85,985 results

  • Using academic research methodologies to improve the quality of teaching: A case study

    McEwan, W. (2001)

    Conference item
    Christchurch Polytechnic Institute of Technology, Te Wānanga Ōtautahi

    A contract for the European Space Agency (ESA) was carried out by the University of Aberdeen, Scotland, to study the performance of the protocols (particularly TCP/IP) used within the ESA funded CODE satellite communication system (Fairhurst, Ord et al. 1993; Fairhurst, McEwan, et al. 1993; Fairhurst, et al. 1994). As part of that study, data was collected from the routers connected to the VSAT terminal equipment using the Simple Network Management Protocol (SNMP). The analysis of data gathered from that experiment, and the later comparison of some of the methodologies used, formed part of a M.Sc. Engineering by research thesis published by the author of this paper (2000). The present paper does not particularly concern itself with the results of the above research. Rather, it is intended to illustrate that the experimental methodologies, devised for a leading academic research project undertaken at postgraduate level, can at times be later used to improve the quality of teaching and research at degree level and below. This is contrary to the common but ill-conceived notion that such academic research is overly esoteric and thus somehow unrelated and of no benefit to the more down-to-earth realities of general teaching. Within this paper some of the practical details of the methodology used in the CODE experiment will be described. This will include the hardware internetwork configurations used during both the “live” satellite data communication link (an expensive resource) and a similar configuration using a “Satellite Link Simulator (SLS)” during the majority time when the live link was unavailable. Following the model of the above research, the School of Computing at Christchurch Polytechnic Institute of Technology (CPIT) has recently begun work on the creation of an in-house data communications research and teaching laboratory. Although this is in its early stages of formation this presentation will show that parts of its design are derived directly from the above CODE experiments. In addition, some software simulations used in the CODE experiments will be briefly described along with our plans for using similar software simulations in student research project work.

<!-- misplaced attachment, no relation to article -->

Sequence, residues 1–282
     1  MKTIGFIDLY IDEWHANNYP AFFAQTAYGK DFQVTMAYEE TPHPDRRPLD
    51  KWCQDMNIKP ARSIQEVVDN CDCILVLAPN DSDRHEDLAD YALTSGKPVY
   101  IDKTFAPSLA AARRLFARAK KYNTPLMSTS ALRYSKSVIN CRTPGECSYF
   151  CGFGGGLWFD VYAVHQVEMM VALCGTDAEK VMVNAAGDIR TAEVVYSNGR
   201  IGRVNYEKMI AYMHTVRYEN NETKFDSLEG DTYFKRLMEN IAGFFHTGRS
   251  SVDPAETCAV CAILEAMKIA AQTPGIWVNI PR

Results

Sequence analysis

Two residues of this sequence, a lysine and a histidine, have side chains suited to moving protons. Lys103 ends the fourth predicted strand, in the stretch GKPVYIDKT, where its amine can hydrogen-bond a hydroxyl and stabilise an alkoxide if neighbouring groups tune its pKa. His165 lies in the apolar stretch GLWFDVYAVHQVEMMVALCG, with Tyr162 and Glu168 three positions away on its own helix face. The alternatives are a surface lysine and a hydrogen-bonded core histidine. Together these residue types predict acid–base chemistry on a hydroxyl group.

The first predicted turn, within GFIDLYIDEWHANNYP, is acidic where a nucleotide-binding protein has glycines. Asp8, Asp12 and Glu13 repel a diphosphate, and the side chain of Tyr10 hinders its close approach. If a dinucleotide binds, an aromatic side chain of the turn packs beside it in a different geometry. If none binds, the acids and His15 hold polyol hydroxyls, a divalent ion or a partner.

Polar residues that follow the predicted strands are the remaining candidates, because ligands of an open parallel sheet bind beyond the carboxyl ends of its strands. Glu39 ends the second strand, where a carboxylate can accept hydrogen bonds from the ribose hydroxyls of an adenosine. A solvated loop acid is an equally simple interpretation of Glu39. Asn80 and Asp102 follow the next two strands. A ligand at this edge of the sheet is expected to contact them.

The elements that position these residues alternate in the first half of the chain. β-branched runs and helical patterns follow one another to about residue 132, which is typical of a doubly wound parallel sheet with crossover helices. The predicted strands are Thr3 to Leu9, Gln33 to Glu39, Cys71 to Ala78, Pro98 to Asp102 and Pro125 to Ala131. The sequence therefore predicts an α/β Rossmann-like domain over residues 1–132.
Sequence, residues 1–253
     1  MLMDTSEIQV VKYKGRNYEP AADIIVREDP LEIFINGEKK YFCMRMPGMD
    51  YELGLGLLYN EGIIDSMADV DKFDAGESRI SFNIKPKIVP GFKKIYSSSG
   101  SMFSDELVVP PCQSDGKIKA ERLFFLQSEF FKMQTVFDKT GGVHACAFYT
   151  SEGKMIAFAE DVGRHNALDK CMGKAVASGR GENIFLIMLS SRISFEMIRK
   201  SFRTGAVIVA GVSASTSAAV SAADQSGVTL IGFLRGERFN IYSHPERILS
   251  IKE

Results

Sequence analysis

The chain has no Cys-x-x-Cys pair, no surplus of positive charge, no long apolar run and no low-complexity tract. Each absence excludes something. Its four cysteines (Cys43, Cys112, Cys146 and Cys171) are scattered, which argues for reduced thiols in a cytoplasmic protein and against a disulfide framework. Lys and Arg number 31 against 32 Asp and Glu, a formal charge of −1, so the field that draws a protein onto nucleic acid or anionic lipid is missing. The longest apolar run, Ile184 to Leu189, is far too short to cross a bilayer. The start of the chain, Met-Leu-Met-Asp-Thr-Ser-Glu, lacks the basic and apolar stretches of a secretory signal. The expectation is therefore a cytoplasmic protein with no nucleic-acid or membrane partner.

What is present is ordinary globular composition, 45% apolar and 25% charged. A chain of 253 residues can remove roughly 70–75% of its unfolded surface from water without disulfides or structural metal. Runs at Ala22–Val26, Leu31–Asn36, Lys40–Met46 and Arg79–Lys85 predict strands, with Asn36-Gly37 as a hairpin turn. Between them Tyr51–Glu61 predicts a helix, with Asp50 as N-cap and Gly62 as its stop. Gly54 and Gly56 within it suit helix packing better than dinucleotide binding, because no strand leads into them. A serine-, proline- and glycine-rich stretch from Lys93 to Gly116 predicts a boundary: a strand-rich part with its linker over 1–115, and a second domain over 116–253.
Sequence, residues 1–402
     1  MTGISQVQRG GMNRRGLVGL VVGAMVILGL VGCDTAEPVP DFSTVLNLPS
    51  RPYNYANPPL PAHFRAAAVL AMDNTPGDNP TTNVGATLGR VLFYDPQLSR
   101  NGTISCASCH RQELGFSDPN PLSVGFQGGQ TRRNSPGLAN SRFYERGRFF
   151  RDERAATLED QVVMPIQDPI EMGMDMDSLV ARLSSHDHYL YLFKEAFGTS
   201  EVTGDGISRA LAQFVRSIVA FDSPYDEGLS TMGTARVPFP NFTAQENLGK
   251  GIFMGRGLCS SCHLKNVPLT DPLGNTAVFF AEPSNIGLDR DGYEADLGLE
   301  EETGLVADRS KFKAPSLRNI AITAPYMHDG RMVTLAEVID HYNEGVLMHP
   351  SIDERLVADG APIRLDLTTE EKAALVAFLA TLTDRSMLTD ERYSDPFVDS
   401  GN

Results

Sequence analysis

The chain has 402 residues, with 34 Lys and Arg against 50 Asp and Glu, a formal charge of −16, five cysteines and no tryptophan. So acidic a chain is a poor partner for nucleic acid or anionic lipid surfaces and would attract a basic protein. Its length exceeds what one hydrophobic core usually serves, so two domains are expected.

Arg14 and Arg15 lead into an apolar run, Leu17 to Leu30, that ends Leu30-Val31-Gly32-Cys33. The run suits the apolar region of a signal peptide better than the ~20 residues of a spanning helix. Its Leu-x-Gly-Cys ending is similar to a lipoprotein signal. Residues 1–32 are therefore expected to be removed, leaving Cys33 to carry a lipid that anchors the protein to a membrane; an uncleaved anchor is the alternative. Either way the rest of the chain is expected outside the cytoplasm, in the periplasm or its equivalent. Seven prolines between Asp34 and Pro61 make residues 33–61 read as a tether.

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  • Elder abuse and neglect: Past endeavours as a springboard for the future

    Brook, G. (2008)

    Journal article
    Christchurch Polytechnic Institute of Technology, Te Wānanga Ōtautahi

    This paper traces the emergence of, and responses to, the phenomenon known as elder abuse and neglect in Aotearoa New Zealand and considers where to from here.

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  • A comparison of activities undertaken by enrolled and registered nurses on medical wards in Australia: an observational study

    Chaboyer, W.; Wallis, M.; Duffield, C.; Courtney, M.; Seaton, P.; Holzhauser, K.; Schluter, J.; Bost, N. (2008)

    Journal article
    Christchurch Polytechnic Institute of Technology, Te Wānanga Ōtautahi